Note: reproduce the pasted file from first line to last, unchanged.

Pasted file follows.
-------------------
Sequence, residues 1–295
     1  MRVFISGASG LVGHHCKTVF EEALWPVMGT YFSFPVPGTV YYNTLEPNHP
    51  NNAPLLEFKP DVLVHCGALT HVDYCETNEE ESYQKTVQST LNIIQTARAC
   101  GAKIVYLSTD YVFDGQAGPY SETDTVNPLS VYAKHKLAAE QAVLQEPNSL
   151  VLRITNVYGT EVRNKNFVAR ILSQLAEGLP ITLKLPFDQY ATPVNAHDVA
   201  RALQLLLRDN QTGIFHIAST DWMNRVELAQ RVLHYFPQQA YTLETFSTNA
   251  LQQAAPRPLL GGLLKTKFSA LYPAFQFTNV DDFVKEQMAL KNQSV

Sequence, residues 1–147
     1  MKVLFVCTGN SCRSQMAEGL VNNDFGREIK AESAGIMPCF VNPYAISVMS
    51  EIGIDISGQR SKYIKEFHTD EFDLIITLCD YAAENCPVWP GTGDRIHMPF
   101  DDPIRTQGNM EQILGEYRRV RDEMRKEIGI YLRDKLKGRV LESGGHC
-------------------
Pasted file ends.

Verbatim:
Sequence, residues 1–295
     1  MRVFISGASG LVGHHCKTVF EEALWPVMGT YFSFPVPGTV YYNTLEPNHP
    51  NNAPLLEFKP DVLVHCGALT HVDYCETNEE ESYQKTVQST LNIIQTARAC
   101  GAKIVYLSTD YVFDGQAGPY SETDTVNPLS VYAKHKLAAE QAVLQEPNSL
   151  VLRITNVYGT EVRNKNFVAR ILSQLAEGLP ITLKLPFDQY ATPVNAHDVA
   201  RALQLLLRDN QTGIFHIAST DWMNRVELAQ RVLHYFPQQA YTLETFSTNA
   251  LQQAAPRPLL GGLLKTKFSA LYPAFQFTNV DDFVKEQMAL KNQSV

Sequence, residues 1–147
     1  MKVLFVCTGN SCRSQMAEGL VNNDFGREIK AESAGIMPCF VNPYAISVMS
    51  EIGIDISGQR SKYIKEFHTD EFDLIITLCD YAAENCPVWP GTGDRIHMPF
   101  DDPIRTQGNM EQILGEYRRV RDEMRKEIGI YLRDKLKGRV LESGGHC